Even though the game is intended to be played with others, the single player mechanics are more than serviceable. You directly control Green Link and are followed by Red, Blue, and Purple. Flicking the C stick will activate different formations for the Link to do battle in such as a cross or a box. Then you can press the X button to switch between controlling each Link individually, helpful for when switches are far away. You can return everyone to the standard formation with a simple press of the Y button. It’s a surprisingly intuitive control scheme, but one that helps immensely in enjoying single player.

The game handles items in a weird way. Traditionally, you get an item in a Zelda game and that’s that. You have it and can use it whenever. Here though, you have to find item pedestals that hold classics such as the Fire Rod and Roc’s Feather. In single player, you can only have one at a time, which is admittedly a drag. I’d imagine that this is where having a team of people comes in handy, as in multiplayer, each player can have their own item. Using the items is fun, though, as they tend to be pretty powerful and can sometimes be upgraded to be even more potent depending on the level.

The Four Links stand at a sign in the Lost Woods telling them the woods continues in North, East, West, and the South.
The visuals are a pleasant, if unremarkable, mixture of Wind Waker‘s cartoonishness and A Link to the Past’s classic look.

Perhaps the most contentious feature is that you only start each level with 3 hearts (more can be found in each one) and you need to find 2000 Force Gems in order to break the seal to the next level. On paper, I can see why some wouldn’t like this – after all, character progression is a huge part of the appeal of the series. For Four Swords Adventures, though, it works. Each level has more than enough Force Gems for you to reach the 2000 required, but they do offer extra incentive to explore each level thoroughly.

The bosses are pretty great as well. They make full use of the four Links. For instance, the Manhandla fight now requires you to hit the appropriately colored hand with the matching Link. In another, you have to strategically place your Links so they can hit a flying eyeball. Then there’s the ever classic Phantom Ganon fight, where you must volley a ball of energy back and forth, eventually delivering the final swing with the right colored Link. There aren’t a huge amount of boss encounters, but the ones that are there stand out.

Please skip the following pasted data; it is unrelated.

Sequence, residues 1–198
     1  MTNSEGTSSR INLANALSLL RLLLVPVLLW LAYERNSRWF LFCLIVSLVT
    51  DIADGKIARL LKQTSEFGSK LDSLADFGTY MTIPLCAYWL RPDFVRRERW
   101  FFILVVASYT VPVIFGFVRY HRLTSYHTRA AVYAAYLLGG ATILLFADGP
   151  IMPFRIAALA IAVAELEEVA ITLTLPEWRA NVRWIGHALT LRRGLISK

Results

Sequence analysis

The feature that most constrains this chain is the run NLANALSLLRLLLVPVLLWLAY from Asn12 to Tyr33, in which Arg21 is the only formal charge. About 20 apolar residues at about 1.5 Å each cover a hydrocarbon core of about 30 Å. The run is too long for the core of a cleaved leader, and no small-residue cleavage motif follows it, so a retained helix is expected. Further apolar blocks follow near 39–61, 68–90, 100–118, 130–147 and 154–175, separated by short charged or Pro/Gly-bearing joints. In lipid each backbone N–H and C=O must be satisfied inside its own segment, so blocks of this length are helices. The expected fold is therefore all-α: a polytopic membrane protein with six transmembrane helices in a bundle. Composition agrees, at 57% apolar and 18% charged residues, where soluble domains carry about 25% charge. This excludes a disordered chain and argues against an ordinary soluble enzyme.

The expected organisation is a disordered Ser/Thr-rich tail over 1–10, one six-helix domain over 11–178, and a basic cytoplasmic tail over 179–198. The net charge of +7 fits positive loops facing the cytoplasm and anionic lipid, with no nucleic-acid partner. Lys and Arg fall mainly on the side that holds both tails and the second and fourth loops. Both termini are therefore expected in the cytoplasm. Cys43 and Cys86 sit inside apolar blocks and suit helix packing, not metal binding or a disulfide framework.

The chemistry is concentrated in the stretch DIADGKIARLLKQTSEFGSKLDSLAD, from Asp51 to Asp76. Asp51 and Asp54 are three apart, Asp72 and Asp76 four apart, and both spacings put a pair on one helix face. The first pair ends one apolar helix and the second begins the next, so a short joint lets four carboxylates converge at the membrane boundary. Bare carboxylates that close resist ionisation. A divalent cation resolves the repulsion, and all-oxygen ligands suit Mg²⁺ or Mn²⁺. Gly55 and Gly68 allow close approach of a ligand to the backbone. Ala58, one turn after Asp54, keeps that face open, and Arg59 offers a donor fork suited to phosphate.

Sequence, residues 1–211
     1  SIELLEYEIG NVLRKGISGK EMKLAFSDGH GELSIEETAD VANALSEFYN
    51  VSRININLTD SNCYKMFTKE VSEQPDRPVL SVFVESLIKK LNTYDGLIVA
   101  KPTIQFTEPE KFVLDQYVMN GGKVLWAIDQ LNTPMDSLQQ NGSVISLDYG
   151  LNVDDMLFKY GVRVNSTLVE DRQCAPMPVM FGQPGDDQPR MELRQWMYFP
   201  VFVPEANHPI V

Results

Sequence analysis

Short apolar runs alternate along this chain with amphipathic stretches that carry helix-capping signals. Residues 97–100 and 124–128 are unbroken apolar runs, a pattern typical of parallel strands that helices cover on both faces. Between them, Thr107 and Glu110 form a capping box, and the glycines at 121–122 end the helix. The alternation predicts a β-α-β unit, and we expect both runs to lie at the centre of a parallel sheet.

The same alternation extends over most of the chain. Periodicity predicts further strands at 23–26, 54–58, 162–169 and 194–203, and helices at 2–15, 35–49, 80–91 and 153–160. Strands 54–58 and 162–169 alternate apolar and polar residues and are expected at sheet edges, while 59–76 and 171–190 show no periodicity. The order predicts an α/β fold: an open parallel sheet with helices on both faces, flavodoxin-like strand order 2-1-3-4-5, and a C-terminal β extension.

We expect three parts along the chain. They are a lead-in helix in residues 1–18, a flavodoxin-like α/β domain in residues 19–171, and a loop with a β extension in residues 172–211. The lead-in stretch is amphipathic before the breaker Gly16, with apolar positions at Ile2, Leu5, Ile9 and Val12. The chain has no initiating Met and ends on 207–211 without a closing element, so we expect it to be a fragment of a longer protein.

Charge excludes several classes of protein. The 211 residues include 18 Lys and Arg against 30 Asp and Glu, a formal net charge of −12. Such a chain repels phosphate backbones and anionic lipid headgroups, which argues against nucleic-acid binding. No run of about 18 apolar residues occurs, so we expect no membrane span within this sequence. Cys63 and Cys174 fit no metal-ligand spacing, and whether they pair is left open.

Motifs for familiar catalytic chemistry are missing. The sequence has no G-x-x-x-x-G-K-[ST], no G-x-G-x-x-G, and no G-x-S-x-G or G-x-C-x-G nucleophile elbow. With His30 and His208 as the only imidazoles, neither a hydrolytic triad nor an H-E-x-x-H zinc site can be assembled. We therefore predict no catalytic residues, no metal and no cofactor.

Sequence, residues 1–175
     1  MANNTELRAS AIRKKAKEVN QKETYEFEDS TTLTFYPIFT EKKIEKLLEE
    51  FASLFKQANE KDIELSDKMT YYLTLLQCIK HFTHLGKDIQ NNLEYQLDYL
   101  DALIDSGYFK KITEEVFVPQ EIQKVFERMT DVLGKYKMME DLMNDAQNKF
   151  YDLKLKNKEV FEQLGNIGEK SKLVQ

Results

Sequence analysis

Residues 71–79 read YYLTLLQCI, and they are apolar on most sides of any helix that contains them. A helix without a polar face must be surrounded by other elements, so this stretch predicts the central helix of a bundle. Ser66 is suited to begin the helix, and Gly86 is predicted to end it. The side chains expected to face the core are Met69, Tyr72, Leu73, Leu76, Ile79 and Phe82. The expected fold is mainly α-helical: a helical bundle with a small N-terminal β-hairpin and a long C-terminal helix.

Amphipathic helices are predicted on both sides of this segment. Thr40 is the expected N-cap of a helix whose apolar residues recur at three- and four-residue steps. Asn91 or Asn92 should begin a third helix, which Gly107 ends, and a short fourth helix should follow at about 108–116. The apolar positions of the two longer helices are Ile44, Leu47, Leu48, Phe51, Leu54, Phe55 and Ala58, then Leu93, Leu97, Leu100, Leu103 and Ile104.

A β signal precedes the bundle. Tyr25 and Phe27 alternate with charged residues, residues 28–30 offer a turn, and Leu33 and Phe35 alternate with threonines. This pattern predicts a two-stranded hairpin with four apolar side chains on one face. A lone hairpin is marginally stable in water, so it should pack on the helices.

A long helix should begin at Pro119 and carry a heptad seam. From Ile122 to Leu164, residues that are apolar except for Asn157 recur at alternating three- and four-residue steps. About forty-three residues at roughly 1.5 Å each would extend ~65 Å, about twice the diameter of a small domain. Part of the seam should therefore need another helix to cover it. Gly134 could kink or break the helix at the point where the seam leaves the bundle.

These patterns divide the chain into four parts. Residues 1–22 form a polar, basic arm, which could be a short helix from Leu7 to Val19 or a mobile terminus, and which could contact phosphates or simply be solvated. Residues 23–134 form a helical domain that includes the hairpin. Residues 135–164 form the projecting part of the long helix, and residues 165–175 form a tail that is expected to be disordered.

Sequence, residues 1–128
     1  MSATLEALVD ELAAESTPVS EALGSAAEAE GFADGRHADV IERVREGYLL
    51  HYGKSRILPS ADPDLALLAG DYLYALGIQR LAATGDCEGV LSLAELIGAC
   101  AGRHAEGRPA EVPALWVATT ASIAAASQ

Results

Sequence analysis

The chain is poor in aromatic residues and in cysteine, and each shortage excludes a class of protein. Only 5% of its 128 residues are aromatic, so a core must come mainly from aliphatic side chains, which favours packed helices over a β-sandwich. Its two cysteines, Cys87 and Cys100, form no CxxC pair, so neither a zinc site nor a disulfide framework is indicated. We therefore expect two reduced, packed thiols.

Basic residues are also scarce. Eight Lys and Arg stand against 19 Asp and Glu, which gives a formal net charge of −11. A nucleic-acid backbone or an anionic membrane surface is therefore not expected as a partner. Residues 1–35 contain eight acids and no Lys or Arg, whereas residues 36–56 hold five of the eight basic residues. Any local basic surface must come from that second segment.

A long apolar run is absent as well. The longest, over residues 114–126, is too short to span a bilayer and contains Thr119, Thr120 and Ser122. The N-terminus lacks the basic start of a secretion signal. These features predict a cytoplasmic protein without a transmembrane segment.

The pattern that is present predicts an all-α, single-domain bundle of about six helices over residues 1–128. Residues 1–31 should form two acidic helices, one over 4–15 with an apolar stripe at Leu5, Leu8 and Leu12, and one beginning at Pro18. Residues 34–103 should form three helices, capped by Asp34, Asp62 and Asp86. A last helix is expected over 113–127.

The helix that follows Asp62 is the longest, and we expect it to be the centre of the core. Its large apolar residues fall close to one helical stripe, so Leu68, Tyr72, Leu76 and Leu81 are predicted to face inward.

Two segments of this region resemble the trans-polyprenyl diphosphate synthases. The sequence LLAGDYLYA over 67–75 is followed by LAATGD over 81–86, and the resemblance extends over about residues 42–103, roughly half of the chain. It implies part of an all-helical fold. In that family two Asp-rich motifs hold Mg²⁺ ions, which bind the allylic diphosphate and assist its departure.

As for aesthetics, they’re a nice mixture of Wind Waker’s cartoony character designs and the 2D artwork and world of A Link to the Past. The game certainly wasn’t pushing any boundaries for the GameCube, but there’s a nice mixture of 2D and 3D that still looks pretty solid to this day.

There’s not too much more to say about Four Swords Adventures. It was never destined to be anybody’s favorite Zelda title. There’s nothing particularly memorable about the “rescue six maidens from Vaati” storyline, and the fact that the game progresses level by level rather than the organic worlds of other titles likely turned a lot of people off. It didn’t help that it was billed as a multiplayer game, but you needed a rather pointlessly complicated peripheral in order to play it with friends. But all of this is hiding the simple fact that its level design is absolutely rock solid, and even if you can’t play with friends, it is completely enjoyable as a single player experience. Any fan who has turned their nose up at it should give it another shot. To me, THIS is the kind of game that would be perfect for the Switch. With online multiplayer and local co-op being a breeze now, I believe the game could find a new life and fan base on Nintendo’s awesome handheld console.

Collin Henderson

Written by Collin Henderson

Collin enjoys gaming, reading, and writing. He would love to tell you all about his two books, the crime thriller Lemon Sting, and the short horror story collection Silence Under Screams, but only if you find yourself unfortunate enough to be in a conversation with him. He lives in Massachusetts.